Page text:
Kallicharan's son disappointed with treatment given to father

Rohan Kallicharan, son of legendary West Indian batsman Alvin Kallicharan (above), says the documentary Fire in Babylon is a one-sided and politically romantic appraisal of how the West Indies rose to prominence, littered with inaccuracies. Getty Images

By CricketCountry Staff

London: Aug 16, 2011

Legendary West Indian cricketer Alvin Kallicahran s son Rohan Kallicharan has expressed his disappointment over the treatment meted out to his father, and other West Indian players of Indian origin.

Pointing out to the recently released documentary on West Indian cricket, Fire in Babylon, Rohan said that the story told in the documentary does not cover every one associated with West Indies rise in world cricket. He believes his father s contribution to West Indian cricket has been ignored.

He was quoted in DNA as saying, “It is a one-sided and ‘politically romantic appraisal of how the West Indies rose to prominence, littered with inaccuracies”

Rohan says that though today West Indian team consists of many players of Indian origin, there were days when Indian origin players were deliberately sidelined.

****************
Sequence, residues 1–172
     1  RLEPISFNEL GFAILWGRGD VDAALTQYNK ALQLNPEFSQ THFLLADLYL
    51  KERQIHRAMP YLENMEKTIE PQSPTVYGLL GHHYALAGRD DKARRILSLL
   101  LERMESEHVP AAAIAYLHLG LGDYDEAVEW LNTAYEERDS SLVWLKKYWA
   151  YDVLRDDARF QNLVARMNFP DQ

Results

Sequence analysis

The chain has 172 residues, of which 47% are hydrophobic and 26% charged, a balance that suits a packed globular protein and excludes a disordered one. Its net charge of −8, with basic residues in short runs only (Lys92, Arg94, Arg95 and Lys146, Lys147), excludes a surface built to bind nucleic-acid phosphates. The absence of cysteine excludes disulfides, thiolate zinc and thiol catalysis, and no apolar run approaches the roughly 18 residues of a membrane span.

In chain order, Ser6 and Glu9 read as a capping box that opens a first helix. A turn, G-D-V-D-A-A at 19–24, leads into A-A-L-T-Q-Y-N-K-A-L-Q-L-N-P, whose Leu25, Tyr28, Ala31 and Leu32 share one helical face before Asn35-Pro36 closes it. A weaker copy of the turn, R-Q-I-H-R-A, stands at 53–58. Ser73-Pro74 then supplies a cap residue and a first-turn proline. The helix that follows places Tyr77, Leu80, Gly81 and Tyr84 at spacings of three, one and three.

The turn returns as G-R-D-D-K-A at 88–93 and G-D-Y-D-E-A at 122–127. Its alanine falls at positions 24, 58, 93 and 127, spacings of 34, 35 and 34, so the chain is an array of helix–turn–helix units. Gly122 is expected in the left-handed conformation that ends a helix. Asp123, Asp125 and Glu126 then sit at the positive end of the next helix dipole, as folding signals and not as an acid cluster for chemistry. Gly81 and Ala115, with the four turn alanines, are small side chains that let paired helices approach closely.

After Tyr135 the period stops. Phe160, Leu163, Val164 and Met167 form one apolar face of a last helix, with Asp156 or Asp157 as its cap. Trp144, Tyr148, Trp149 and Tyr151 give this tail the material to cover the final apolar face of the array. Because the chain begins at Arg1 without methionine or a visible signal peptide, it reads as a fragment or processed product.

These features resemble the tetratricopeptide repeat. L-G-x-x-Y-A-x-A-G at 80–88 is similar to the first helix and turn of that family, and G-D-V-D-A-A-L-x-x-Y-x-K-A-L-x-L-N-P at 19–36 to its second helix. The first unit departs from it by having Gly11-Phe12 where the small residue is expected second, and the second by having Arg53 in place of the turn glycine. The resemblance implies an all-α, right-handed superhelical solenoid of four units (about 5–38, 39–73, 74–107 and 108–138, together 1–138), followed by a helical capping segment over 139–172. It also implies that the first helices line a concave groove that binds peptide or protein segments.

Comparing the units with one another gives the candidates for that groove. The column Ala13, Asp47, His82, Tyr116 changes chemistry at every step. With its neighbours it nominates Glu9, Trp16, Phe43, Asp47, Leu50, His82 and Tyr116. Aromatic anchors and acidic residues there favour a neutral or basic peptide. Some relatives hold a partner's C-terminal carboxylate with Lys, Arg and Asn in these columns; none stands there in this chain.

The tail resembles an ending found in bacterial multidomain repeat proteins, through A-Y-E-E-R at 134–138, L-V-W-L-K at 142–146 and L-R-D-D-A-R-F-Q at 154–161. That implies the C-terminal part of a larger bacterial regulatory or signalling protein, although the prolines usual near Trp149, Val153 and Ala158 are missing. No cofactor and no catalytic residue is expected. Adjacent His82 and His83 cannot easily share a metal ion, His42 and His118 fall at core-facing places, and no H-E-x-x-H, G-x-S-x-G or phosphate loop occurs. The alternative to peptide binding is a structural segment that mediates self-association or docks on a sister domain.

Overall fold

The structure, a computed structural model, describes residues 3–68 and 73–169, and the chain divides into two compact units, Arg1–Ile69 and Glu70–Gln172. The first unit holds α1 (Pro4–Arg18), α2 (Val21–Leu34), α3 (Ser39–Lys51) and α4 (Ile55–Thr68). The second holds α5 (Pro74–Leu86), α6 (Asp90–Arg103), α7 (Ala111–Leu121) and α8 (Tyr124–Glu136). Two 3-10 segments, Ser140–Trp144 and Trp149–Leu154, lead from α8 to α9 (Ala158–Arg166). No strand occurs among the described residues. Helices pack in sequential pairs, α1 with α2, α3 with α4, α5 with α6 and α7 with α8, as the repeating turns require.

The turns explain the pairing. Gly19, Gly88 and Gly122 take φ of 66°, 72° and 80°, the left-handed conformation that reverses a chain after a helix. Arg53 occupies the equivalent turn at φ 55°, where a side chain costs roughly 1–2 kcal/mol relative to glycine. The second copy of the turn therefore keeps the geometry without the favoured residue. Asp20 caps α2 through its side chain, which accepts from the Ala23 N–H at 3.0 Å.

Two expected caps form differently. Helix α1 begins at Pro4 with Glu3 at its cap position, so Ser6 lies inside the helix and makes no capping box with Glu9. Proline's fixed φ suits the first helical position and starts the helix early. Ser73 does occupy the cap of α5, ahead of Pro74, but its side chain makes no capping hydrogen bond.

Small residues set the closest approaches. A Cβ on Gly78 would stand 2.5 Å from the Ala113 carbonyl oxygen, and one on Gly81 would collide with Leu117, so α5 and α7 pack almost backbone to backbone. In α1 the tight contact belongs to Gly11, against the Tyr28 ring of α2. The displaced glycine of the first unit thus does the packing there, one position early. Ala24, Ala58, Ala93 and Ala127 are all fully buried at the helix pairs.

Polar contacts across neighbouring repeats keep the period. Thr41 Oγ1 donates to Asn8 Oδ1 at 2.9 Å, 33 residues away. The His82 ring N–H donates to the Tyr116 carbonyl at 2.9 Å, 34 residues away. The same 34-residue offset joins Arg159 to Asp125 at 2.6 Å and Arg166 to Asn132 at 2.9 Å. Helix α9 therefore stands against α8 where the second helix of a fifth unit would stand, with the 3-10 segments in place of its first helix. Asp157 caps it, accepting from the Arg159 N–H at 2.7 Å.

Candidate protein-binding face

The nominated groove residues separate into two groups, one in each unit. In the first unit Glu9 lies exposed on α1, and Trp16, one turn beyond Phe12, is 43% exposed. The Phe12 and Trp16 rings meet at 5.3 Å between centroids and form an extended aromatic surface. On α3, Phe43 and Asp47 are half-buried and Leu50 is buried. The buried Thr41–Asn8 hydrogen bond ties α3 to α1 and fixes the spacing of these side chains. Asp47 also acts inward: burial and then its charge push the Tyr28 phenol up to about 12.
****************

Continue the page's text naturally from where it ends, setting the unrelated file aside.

“Whilst I did not believe there to be a race issue in West Indian cricket at the time, the Indian community were left disengaged over a period of time with none of their players in the side. Certainly now, there is no issue, with the likes of Chanderpaul and Sarwan having been integral, and Bishoo, Deonarine, Rampaul, amongst others playing regularly,” Rohan said.

Rohan also said his father was hurt in 1981 when he was dropped from the national side without being informed. “He did not go to the Packer series for the sake of the West Indies team,” he reminds you. Then, there s this instance which has hurt Kallicharran. He was dropped for the 1981 Australia tour but was never informed.

“Warwickshire played Lancashire in a Sunday League match in August 1981 and Clive did not advise dad that he was to be dropped for the Tour of Australia,” said Rohan.

“The dropping of my father, however, was widely considered to be a slight to the Indian community, and I know of many who found it difficult to support the West Indies without any of their own players present,” he reveals.